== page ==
Our editorial industry is made up of people carrying out a huge range of tasks across many different sectors. Although we are bound by common aims – to make text consistent, accurate and clear – our chosen areas of work can differ in fascinating ways.
Jill Cucchi is a freelance copy-editor. She has answered some questions on her main specialism: archaeology.
- Briefly, what’s your work background?
I started out in the civil service writing business cases for HM Treasury and answering parliamentary questions, but my passion was always archaeology. After many years volunteering on digs, and after completing a BA (Hons) degree in archaeology in 2004, I landed my dream job as a field archaeologist with Durham University.
- How long have you specialised in this particular kind of editorial work, and how did you get started?
I did some editorial work for Durham University’s archaeology department, but it wasn’t until I moved to France that I realised it could be a full-time job. After ‘checking’ some journal papers for my husband’s colleague, and really enjoying it, I started looking into copy-editing (via indexing and proofreading) as a new career. I’ve recently started to specialise in academic journal/conference papers written by authors with English as a second language.
- What specific knowledge, experience or qualifications do you need?
You need to have a wide-ranging knowledge of archaeology and archaeological practices (e.g. chronology, excavation, methods of dating), as well as a good understanding of related disciplines (e.g. zooarchaeology, archaeobotany). For me, having French as a second language is also useful in differentiating scientific jargon from direct translations.
- How do you go about finding work in this area?
As most scientific papers need to be written in English, academics who are non-native speakers are always looking for copy-editors and/or translators. As my husband works for the CNRS (Centre national de la recherche scientifique) at the Muséum national d’Histoire naturelle (Paris), and his colleagues knew he had an English wife with a background in archaeology, I was constantly asked if I could do urgent jobs when their usual copy-editor was busy. After a few (hopefully well done) ‘rush jobs’, I took on every urgent job that came up, did minuscule jobs (e.g. reading a 100-word abstract, correcting a book review), offered a final free proofread, adjusted my hourly rate – anything in fact to get some experience. Often the copy-editors that academics use have a PhD (I don’t), or are fluently bilingual (I’m not) so competition is tough. However, now I have an ever-growing set of regular clients, and I’ve had requests from other universities and museums via recommendations.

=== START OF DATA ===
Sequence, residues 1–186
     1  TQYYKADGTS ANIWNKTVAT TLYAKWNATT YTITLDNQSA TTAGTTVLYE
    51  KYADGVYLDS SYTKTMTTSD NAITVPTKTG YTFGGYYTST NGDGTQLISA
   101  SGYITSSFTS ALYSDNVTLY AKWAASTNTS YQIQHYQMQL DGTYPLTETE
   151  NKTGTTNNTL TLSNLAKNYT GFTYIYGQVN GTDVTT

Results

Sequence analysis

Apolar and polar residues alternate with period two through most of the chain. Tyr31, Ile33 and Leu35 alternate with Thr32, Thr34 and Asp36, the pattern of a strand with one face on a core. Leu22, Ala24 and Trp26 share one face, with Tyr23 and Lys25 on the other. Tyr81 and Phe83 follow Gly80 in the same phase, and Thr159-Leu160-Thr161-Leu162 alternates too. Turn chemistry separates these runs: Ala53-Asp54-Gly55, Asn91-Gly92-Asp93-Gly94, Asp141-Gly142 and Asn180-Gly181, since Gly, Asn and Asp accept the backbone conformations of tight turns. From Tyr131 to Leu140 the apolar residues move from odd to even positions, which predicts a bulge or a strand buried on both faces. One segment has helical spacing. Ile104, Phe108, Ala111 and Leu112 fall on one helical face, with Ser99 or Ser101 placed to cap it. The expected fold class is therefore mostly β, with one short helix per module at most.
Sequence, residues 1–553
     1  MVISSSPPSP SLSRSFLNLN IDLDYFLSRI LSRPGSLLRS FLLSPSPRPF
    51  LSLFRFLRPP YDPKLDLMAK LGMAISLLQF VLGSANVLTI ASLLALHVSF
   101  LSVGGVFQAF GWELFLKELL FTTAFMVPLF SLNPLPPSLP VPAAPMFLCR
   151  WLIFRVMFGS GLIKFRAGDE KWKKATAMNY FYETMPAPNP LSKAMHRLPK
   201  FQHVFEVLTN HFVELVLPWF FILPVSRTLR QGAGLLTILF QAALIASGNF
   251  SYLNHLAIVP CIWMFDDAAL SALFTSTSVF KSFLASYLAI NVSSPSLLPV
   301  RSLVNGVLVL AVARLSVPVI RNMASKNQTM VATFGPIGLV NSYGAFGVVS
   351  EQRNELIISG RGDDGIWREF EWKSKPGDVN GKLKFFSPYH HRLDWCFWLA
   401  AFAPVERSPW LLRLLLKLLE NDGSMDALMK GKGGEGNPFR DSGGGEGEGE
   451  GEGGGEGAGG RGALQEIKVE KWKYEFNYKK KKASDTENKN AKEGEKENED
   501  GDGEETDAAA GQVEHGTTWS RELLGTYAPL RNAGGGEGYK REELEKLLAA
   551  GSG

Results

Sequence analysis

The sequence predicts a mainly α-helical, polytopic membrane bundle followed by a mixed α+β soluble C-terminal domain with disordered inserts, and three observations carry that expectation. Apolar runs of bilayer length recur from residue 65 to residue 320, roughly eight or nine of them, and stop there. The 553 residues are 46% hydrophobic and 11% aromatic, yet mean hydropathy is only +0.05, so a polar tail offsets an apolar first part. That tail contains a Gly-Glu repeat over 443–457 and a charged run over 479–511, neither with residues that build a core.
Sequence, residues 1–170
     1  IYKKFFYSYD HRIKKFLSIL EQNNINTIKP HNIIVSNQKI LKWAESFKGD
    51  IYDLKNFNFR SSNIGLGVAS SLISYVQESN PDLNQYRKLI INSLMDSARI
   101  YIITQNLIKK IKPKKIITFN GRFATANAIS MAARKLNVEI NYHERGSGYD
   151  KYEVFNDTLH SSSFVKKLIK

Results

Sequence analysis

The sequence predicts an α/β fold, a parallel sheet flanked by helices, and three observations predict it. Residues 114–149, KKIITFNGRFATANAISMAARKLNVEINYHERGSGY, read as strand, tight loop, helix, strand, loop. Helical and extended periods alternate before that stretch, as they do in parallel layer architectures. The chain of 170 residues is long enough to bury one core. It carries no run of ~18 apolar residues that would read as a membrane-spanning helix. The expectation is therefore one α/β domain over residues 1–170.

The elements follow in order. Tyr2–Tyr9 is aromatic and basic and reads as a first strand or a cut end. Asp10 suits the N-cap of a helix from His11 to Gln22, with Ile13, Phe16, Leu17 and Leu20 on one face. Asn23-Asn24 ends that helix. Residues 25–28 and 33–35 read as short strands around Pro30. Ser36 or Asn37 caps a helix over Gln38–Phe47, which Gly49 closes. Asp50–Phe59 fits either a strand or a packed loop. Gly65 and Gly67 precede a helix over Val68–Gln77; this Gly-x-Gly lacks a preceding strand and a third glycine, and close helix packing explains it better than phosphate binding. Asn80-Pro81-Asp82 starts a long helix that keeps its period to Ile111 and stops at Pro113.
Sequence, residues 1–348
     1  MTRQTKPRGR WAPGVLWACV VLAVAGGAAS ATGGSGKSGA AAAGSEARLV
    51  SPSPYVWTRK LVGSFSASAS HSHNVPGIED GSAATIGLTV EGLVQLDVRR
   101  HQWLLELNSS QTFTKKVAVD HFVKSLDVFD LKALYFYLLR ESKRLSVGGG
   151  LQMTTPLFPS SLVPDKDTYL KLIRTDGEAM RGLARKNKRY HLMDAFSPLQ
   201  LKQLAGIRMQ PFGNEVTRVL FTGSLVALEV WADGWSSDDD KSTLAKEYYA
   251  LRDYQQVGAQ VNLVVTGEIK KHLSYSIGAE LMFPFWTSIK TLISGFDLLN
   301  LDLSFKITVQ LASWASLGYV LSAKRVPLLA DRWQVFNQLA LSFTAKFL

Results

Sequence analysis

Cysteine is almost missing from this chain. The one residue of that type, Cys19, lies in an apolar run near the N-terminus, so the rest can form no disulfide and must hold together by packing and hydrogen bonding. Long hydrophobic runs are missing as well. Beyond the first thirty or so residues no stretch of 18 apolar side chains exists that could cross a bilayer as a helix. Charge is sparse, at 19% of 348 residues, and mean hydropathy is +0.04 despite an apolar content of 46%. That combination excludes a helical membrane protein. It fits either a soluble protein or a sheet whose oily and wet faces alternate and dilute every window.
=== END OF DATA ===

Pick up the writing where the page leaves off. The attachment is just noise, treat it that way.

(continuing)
- What do you most enjoy about the work?
I love that it combines my two great passions: archaeology and literature. I love taking a piece of complicated text and making it readable. I love it when a client has a paper or a grant application accepted and I can breathe a huge sigh of relief. I love that my job allows me to read (and write) and learn about archaeology without getting wet and muddy, though that is fun too.
- What are the particular challenges?
Trying to copy-edit complex scientific papers when I am not a science graduate and the author is a non-native English speaker. Also, the text can be incredibly specialised (e.g. 12 pages on the nitrogen value of pig’s teeth), so it can be challenging to stay focused.
- What’s the worst job you’ve had – and/or the best?
The worst job I had was a paper I had copy-edited being refused publication and not knowing why. Ouch! (But later accepted, thankfully.) The best job I had was a scientific budget report with a two-day turnaround (sadly, the two days were Saturday and Sunday). The client readily accepted my increased hourly rate and insisted I take a bonus – I thought I was dreaming.
- What tips would you give to someone wanting to work in this field?
You will need a sound knowledge of the subject so read lots of journals, volunteer on some digs, see if you can help out at your local museum and register for some (often free) online courses (e.g. FutureLearn – they have several archaeology/history courses). You’ll also need excellent (I’m not quite there yet…) copy-editing skills as the publication process is tough.
- What is the pay like – and are there any other perks?
It varies (wildly) depending on the client’s grant allocation or the project’s budget, but I’d say for an average 15-page paper (about 8/9 hours) you could expect around £200. My biggest perk, at the moment, is just being freelance – after 12 years in the civil service this is a dream!
- What other opportunities do you think editorial work in this area might lead to?
It’s hard to say really as I’m just starting out, but I’ve recently been asked to translate and copy-edit a book chapter for the Musée du quai Branly on anthropology, which is a new and exciting direction for me. I’ve also been asked to copy-edit a catalogue for an art gallery in Paris, which has nothing to do with archaeology at all, so it seems the possibilities are endless.
The views expressed here do not necessarily reflect those of the SfEP